karanti maria's topic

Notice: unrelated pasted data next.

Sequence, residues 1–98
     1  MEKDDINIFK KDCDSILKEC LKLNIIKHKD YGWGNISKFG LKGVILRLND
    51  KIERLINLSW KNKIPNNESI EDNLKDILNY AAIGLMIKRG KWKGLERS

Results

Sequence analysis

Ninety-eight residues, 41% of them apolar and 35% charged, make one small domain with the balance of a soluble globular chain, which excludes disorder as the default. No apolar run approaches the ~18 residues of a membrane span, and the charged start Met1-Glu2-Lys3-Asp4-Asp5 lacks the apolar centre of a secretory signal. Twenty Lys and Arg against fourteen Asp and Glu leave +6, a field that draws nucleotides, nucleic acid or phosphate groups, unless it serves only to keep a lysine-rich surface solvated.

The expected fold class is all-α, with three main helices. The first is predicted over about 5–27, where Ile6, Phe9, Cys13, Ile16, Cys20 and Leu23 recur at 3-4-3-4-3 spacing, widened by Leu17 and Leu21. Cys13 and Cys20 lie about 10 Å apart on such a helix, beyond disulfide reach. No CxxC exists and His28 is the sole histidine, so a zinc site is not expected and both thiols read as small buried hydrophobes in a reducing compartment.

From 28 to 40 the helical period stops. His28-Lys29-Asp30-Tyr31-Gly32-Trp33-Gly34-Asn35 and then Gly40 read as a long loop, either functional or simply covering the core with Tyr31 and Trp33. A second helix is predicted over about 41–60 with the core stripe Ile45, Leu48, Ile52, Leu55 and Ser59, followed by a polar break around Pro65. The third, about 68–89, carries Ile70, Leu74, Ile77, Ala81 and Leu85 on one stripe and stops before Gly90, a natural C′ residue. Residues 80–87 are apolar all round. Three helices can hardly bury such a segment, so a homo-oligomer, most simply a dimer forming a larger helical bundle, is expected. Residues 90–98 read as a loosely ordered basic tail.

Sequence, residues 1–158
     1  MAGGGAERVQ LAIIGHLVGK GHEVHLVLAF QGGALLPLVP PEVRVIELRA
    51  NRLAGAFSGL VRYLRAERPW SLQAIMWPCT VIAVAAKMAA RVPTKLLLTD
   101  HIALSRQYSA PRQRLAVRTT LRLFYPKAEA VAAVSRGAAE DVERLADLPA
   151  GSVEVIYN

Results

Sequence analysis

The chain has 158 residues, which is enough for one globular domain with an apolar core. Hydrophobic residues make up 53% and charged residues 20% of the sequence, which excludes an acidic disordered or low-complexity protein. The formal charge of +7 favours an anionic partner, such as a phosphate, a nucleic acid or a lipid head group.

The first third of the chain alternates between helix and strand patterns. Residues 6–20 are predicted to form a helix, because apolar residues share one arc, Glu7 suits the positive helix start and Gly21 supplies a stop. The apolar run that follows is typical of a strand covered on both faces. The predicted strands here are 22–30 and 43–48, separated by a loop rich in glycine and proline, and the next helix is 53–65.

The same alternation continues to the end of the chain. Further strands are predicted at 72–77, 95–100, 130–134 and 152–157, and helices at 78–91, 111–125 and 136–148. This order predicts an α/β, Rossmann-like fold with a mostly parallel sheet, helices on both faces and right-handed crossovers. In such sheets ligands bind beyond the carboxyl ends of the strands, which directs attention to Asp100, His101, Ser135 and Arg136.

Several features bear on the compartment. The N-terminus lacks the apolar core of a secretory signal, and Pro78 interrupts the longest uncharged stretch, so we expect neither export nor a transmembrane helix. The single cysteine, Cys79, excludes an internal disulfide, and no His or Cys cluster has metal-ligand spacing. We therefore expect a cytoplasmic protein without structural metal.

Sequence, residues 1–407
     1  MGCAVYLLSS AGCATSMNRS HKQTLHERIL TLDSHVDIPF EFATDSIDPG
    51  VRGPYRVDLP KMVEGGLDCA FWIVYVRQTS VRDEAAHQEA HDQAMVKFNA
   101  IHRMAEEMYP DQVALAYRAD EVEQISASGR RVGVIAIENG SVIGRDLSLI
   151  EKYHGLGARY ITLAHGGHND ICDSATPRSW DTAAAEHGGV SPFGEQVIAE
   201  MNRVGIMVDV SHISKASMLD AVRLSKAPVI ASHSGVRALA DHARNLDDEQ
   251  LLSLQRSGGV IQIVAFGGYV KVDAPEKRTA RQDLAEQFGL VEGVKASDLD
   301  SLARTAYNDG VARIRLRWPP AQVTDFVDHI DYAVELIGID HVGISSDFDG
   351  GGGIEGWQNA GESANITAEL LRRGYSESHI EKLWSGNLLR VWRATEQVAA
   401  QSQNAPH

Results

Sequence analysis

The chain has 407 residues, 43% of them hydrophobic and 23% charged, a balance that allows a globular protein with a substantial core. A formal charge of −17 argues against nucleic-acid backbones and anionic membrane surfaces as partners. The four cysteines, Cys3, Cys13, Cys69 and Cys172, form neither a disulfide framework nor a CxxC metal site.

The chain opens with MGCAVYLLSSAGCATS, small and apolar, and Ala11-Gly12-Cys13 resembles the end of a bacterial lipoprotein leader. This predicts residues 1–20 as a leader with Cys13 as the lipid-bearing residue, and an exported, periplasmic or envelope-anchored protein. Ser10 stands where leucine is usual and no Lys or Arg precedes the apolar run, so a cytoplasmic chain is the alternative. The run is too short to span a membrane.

Notes from Breastfeeding class: At 6 weeks it is usual for a baby to feed often during the day, more in the evening, and to wake for some feeds during the night. Ignoring the baby's cues will lead to a reduced milk supply, and paradoxically cause him/her to feed even more. Giving formula will also decrease breast milk output. Milk is produced via a positive feedback loop: the more frequently and efficiently milk is removed, the more milk will be produced. A healthy infant, feeding comfortably and frequently, is the most effective way to ensure an adequate milk supply. Breast milk contains a protein called the feedback inhibitor of lactation (FIL). It is present in small amounts when the breast is being emptied regularly. When feeding is restricted the protein builds up in quantity and leads to a reduction in milk production by the breast. Normal babies have periodic episodes when they try to feed extremely frequently, day and night. This is an attempt to upregulate and increase the milk supply, and is particularly common at 6 weeks. It is often called a "growth spurt". Giving formula or following a schedule prolongs the episode by blocking the positive feedback loop. Following the baby's cues will usually increase supply within 1-2 days, and feed frequency will return to normal. A healthy baby will keep suckling until his hunger, thirst and need for comfort are satisfied. This ensures he gets the optimum balance of protein-rich foremilk, and lipid-rich hindmilk. He will come off the breast spontaneously when he is ready, and look content. If he needs more milk he will take the second breast when it is offered. Routinely changing breasts before the baby is ready will disrupt milk production. A baby may fall asleep at the breast. The mother can break the suction by gently inserting a clean finger in the corner of his mouth, and offer him the other side. All mothers are supposed to be taught how to express milk by hand in the immediate postnatal period. To qualify as a contraceptive method: -Breastfeeding must be full (that is, no formula, no solids, no extra fluids and no expressing by pump or hand; prolactin levels may drop if the mother is expressing) -The baby should be under 6 months old -Menstruation must be absent -There should be no long intervals between feeds -The mother should not use a pacifier to satisfy the baby's suckling needs When these criteria are fulfilled, the lactational amenorrhoea method (LAM) is over 98% effective in preventing pregnancy (Faculty of Sexual and Reproductive Healthcare (FSRH), 2009. Average duration of lactational amenorrhoea in breastfeeding mothers is up to 15 months. The copper IUD is licensed for emergency contraception up to 5 days after intercourse (FSRH, 2012). Department of Health (DH), 2011, and World Health Organization guidance (WHO, 2013) is that solids should be started around 6 months of age. This balances the infant’s need for extra nutrients (especially iron) against the risks of infection and allergy. Breastfeeding can and should be continued alongside his solids once he is 6 months old. This provides optimum nutrition, and offers continued protection from allergy and infection. She may need to express her milk to maintain supply. Most babies will take the breast when sleepy, for example at night and for pre-nap feeds. She may wish to avoid bottles and feed with a cup, to prevent teat preference developing. Suckling and breast milk both have analgesic properties, and breastfeeding reduced infant pain responses in a randomised controlled trial (Carbajal et al, 2003). Breastfeeding reduces the risk of gastrointestinal infection, respiratory illness and atopic disease (NICE, 2006) in infants. Teenagers and adults who have been breastfed are at less risk of high blood pressure, obesity and type 2 diabetes (Horta et al, 2007 Chivers et al, 2010). Mothers who have a history of breastfeeding have a decreased chance of developing postmenopausal osteoporosis (Schnatz et al, 2010). Breastfeeding also helps to protect against maternal ovarian and breast cancer. Breastfeeding may also reduce the risk of maternal type 2 diabetes (Liu et al, 2010). Mastitis begins as a sterile inflammatory reaction to milk stasis. Resting the affected breast will exacerbate this, and hasten the development of secondary bacterial infection. The key to effective mastitis treatment is frequent feeding from the affected breast. Pain relief (paracetamol, possibly supplemented by NSAIDs and/or codeine) may well be needed. Local heat, massage and milk expression should also help. As the mastitis develops, the area becomes harder, more tender and very red. Flu-like symptoms, including fever, occur. Without prompt treatment to drain the milk, there will then be secondary infection. This may progress to abscess formation, and surgical drainage or aspiration will be needed. The usual pathogens are Staphylococcus or Streptococcus, often finding entry through a cracked nipple. Recommended treatment for mastitis (WHO, 2000; NICE Clinical Knowledge Summaries (CKS), 2010) Penicillin OK Flucloxacillin 250-500 mg four times a day Amoxycillin 250-500 mg three times a day Penicillin allergy Erythromycin 250-500 mg four times a day Cefalexin 250-500 mg four times a day Alcohol ingested by a breastfed neonate has been shown to have effects on the infant even in small quantities (Mennella and Beauchamp, 1991). Breast milk has a lower level of electrolytes than formula, it is rapidly absorbed, of high nutritional value and hastens a return to normal gut flora. Unlike oral rehydration therapy, it is a familiar tasting fluid which is highly acceptable to sick infants. If the baby is given unrestricted access to the breast, supply will increase to compensate for mild to moderate GI losses. Should losses be more than this, oral rehydration fluids can be used to supplement breastfeeding until dehydration is corrected. Secondary lactose intolerance can follow a bout of gastroenteritis, but is rarely a cause of anything more than nuisance diarrhoea. It nearly always settles spontaneously within a week or two. Withholding breast milk is unnecessary and potentially dangerous. Breastfeeding offers a great deal of protection from gastrointestinal infections through a variety of mechanisms. At work the mother could send expressed milk to the child's carer. Then she could maximise breastfeeding when she is at home. Or she could allow the carer to use formula milk but continue to breastfeed as normal when at home. A study comparing breastfed with formula fed babies found that the formula fed babies developed more minor illnesses and their mothers had higher levels of absence due to their child's sickness compared with the breastfed group (Cohen et al, 1995). Less than 1% of UK babies are exclusively breastfed until 6 months (HSCIC, 2012). One of the main reasons mothers stop feeding in the early days is nipple soreness. Bottle-feeding is so dominant in the UK that most women instinctively hold the baby in the crook of their arm. For a breastfed baby, this means it is very difficult to reach the breast, and the nipple becomes stretched and distorted. It is common for the breast to be held between two fingers and offered to the baby as though it were the teat of a bottle, with similar results. If nipple injury has already occurred, the first few seconds of a feed can be sore. Pain that persists is a problem, probably because of poor positioning, causing further nipple pressure and damage. Teenager and socioeconomically disadvantaged mothers are risk factors for breastfeeding failure (Brand et al, 2011). Other reasons for women stopping breastfeeding include milk supply issues, the baby rejecting the breast, and returning to work (Brand et al, 2011). Paracetamol may safely be taken by lactating mothers. NSAIDs are sometimes found in breast milk but quantities are thought too small to be harmful. Codeine is also found in breast milk, and particularly in larger doses has been associated with infant drowsiness or sedation. Physiological jaundice starting after 24 hours of life and persisting for the first week or two is normal. When jaundice is mild, the baby is well hydrated and showing no sign of illness, there is no need for a blood test. Jaundiced babies can be sleepy, so it may be necessary to actively encourage mothers to feed frequently. This usually avoids the need for supplementary non-breast milk fluids. Principles when feeding a baby: -See that she is sitting upright, with good support for her back and baby. -Look for slow deep sucks and rounded cheeks full of milk; listen for swallowing and breathing pauses. -Mother and baby should seem serene. -Baby’s tummy should face mummy, so she is tucked in close to Leanne’s body and can reach the breast without turning his head. -The nipple should point to the baby's nose, one hand supporting the breast if needed. -Baby should be held by the shoulders and neck, so his head is partly free. -Mothers should then wait for his mouth to open really wide, in a full-size gape. Then quite quickly she needs to bring him to the breast. Nicotine and other toxins do enter breast milk. But smokers’ babies are invariably exposed to second or third-hand smoke from their parents’ clothes and skin even if smoking within the house is avoided. Stopping breastfeeding will not avoid baby’s exposure to tobacco, with the consequent risks of asthma, respiratory infection, otitis media, SIDS, etc. Many of these risks are raised further by bottle-feeding, so avoiding milk formula feeding is especially sensible when a mother smokes. Nicotine enters the milk in parallel with blood levels, and reaches a peak soon after having a cigarette. You may wish to advise mothers to delay smoking until just after a feed, in order to minimise baby's exposure. NICE guidance on NRT(nicotine replacement therapy) suggests that when a breastfeeding mother is unable to stop smoking unaided she should be offered NRT (NICE, 2008). The intermittent release methods (spray, gum, lozenges, etc) may be preferred to patches as the baby’s exposure can be lowered by careful timing of their use. She should be strongly advised that she must not smoke whilst using NRT since that would expose her baby to a very high nicotine level. Parents should never share their bed with their baby if one or both of them has had any alcohol or misused drugs. A smoker’s bed is always hazardous for an infant (WHO, 2009). The Department of Health advises that the safest place for a baby to sleep, particularly in the first weeks of life, is in a cot in the parents’ bedroom (DH, 2009). Formula feeding is advised for mothers with HIV in the UK. The Faculty of Sexual and Reproductive Healthcare has endorsed the combined oral contraceptive pill (COCP) as broadly suitable for some breastfeeding mothers. This includes mothers who are mixed feeding or those who have older babies (over 6 months) (FSRH, 2009).The available evidence suggests that the progesterone-only pill (POP) has no effect on milk supply or composition, and so is suitable for breastfeeding mothers (FSRH, 2009). Although its effectiveness when used alone is lower than the combined pill, it is very reliable when used in combination with breastfeeding. Progestogen-only injectable contraception (Depo-Provera), progestogen-only implants (Implanon), the copper IUCD and the levonorgestrel-releasing intrauterine system (IUS) (Mirena) are all suitable for use by breastfeeding women (FSRH, 2009). Nystatin drops are traditionally used to treat babies with thrush, it is the drug of choice (NICE, 2006). Treatment must be continued for several days after symptoms have resolved. Mother and baby should both be treated. Some women get severe, deep breast pain lasting for a long time after a feed. It is often attributed to thrush and anecdotally does seem to respond to fluconazole, but causation has not been proven. Breast "thrush" presents with a very different clinical picture from mastitis. The breasts usually look normal apart from a flaky nipple and the name comes from the association with oral thrush in the baby. Fluconazole is considered safe in breastfeeding as it is widely used in neonates. Diclofenac is usually considered safe in lactation. Anaesthetic gases may affect milk production, so women who have had a general anaesthetic may need extra support in the first few days. Mothers and babies can experience psychological symptoms for years after early separation. It is nearly always better that there is immediate contact after birth.Early contact with a newborn enhances bonding, and facilitates later breastfeeding. Skin-to-skin contact, is as effective as an incubator in regulating a premature baby's temperature, and preventing hypoglycaemia. It regulates the baby's heart rate and breathing pattern. It aids maternal milk production and facilitates the establishment of breastfeeding (Anderson, 1999). Necrotising enterocolitis and infection are leading causes of death for infants needing specialist neonatal care. Premature babies fed on formula have 20 times the rate of necrotising enterocolitis (Lucas and Cole, 1990) and marked increases in urinary tract and lower respiratory tract infections (Lucas, 1992). Decreases in IQ at age 7 have been documented for babies who are formula fed (Lucas et al, 1992; Quigley et al, 2009). Rates of infection are much higher in SCBU occupants who are deprived of breast milk. To express, the breast is gently squeezed proximal to the nipple, using the thumb and fingers. The colostrum or milk is collected in a sterile container. Milk may be kept at room temperature for 6 hours, or refrigerated or frozen for later use. Galactagogue metoclopramide 10mg is occasionally recommended for mothers of babies on SCBU. In general, breast milk containing a small amount of medication is preferable to formula milk. Pumping both breasts simultaneously is quicker, which is important for mothers. It helps increase milk yield because it mimics the physiological action of feeding both twins simultaneously. She will need to pump both breasts around eight times a day, so a manual pump will risk carpal tunnel syndrome, electric pumps are better. Tongue-tie as a possible cause of failure to latch. The baby’s tongue needs to be able to protrude beyond the lower lip. If present, it should be possible to have it corrected right away, usually in the paediatric surgical outpatients. It has an immediate effect on the baby’s ability to latch and breastfeed. Σωστή κι αποτελεσματική τεχνική για την εξαγωγή κι αποθήκευση μητρικού γάλακτος κατά το θηλασμό. https://www.youtube.com/watch?v=oGu9J7Yl61w https://www.youtube.com/watch?v=Y7gdfyUT6Zc https://www.youtube.com/watch?v=9gQ8119RNeI https://www.youtube.com/watch?v=6bCIU-mWIhk